Certainly there are bona fide reasons for having a confidentiality requirement, and I certainly agree with the city's argument that by reason of the particular character of these types of complaints that the making, the investigation, the denial of such complaints create a tension in the workplace that can carry over beyond the process of dealing with the complaint and create negative circumstances in the workplace affecting the employees involved, and while such a confidentiality policy on the part of the City may be founded on, within good reason and for proper purposes, this Court must rule that such a policy may not be used to override the purpose and intent of the clearly stated Public Records Law.
It is very apparent from the language used in the statute that the legislature has given consideration to such confidentiality requirements in fashioning the language of the statutes.
Speaking, with reference to the public interest, generally, as compared to the privacy rights of those involved, the court agrees with the arguments presented by the petitioner that the general public and members of the general public have a compelling interest to see that public entities, when conducting internal reviews of these kinds of matters, do so efficiently and clearly and effectively.
There is a strong public interest in access to such records which this Court believes balances in favor of the public as against the necessity for confidentiality that may exist with reference to the individual public entity employers, and I believe that that public interest is paramount in the context of this case.
These findings reflect a correct application of the pertinent law. Thus, we will not disturb them.
Finally, the City argues the trial court erred in denying its C.R.C.P. 59 motion. We disagree.
The City's motion requested that the trial court consider § 24-72-204(2)(a), C.R.S.1998, as an alternative basis for exempting the records from disclosure.
Section 24-72-204(2)(a) provides that the custodian may deny inspection of “[a]ny records of the investigations conducted by any sheriff, prosecuting attorney, or police department ․ or any investigatory files compiled for any other law enforcement purpose.”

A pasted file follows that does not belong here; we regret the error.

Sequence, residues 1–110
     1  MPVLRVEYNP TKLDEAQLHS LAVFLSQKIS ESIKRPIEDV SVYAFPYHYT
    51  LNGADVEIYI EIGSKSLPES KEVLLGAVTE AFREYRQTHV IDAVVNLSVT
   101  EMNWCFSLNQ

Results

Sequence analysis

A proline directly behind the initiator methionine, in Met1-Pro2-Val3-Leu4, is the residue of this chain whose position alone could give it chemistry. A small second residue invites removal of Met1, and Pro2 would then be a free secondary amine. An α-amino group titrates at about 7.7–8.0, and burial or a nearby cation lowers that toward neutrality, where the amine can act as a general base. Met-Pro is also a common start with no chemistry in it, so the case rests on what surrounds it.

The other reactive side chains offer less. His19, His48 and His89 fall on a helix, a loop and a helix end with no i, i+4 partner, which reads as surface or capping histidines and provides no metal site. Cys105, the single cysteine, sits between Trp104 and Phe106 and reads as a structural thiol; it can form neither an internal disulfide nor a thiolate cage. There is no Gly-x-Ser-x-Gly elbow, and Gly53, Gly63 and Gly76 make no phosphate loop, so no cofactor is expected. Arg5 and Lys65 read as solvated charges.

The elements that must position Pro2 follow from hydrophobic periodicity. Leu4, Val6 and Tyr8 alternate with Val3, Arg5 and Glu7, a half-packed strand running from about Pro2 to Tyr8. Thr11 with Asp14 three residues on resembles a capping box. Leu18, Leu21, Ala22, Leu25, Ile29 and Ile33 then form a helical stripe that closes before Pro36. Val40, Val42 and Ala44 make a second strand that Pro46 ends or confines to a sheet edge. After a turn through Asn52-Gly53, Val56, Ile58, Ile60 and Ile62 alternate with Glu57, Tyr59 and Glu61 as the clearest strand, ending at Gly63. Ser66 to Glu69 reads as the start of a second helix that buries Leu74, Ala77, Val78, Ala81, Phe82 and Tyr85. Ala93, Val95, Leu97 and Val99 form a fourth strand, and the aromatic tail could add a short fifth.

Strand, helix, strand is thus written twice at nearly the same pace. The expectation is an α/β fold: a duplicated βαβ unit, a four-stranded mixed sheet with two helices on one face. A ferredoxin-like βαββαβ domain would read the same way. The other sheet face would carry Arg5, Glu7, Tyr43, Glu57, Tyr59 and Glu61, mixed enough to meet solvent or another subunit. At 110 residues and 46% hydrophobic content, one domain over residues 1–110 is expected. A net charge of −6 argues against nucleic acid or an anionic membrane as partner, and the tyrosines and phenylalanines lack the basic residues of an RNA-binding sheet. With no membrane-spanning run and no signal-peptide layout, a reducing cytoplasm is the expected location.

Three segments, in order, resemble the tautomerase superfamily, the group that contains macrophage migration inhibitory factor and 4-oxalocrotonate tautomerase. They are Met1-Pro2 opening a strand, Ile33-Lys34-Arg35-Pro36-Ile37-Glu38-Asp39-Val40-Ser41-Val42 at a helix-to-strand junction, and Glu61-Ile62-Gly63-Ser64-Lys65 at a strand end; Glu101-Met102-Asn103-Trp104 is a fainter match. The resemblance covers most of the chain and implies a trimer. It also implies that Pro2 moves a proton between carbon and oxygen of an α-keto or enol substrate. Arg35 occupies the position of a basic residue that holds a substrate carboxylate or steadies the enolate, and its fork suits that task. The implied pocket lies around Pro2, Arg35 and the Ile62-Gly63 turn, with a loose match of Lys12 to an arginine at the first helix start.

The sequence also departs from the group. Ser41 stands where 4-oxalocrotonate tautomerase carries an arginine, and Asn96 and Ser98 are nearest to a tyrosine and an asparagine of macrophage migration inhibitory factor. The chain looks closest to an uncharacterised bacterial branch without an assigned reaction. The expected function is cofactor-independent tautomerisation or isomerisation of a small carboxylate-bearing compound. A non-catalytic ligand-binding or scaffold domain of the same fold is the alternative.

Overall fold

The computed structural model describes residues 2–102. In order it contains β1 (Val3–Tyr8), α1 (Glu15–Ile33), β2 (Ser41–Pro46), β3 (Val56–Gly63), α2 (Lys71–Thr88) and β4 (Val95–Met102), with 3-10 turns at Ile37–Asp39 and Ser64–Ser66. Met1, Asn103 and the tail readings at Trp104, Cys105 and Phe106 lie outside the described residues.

The City argues that, because its charter requires the City Manager to be responsible for law enforcement, and because various state and federal laws might be implicated in a sexual harassment claim, these records should be exempt from disclosure. However, while the City provided a copy of the charter with its motion, the City presented no facts to support this assertion, and the trial court was correct in denying the motion.
In her cross-appeal, petitioner contends the trial court erred by refusing to award her attorney fees and costs. We disagree.
Section 24-72-204(5) provides: “[U]pon a finding that the denial [of the right of inspection] was arbitrary or capricious, [the trial court] may order the custodian personally to pay the applicant's court costs and attorney fees.”
A court considering whether an act is arbitrary or capricious must determine whether the conduct in question “reflects a conscientious effort to reasonably apply legislative standards.” Committee for Better Health Care v. Meyer, 830 P.2d 884, 896 (Colo.1992).
Although the custodian of the records did not review each individual document, the record shows that the custodian had sufficient familiarity with the records to declare them exempt from disclosure under the personnel files exception and the public interest exception. Thus, the trial court did not abuse its discretion in denying petitioner's request for attorney fees and costs.
The order is affirmed.
Opinion by Judge METZGER.
Judge TAUBMAN and Judge CASEBOLT, concur.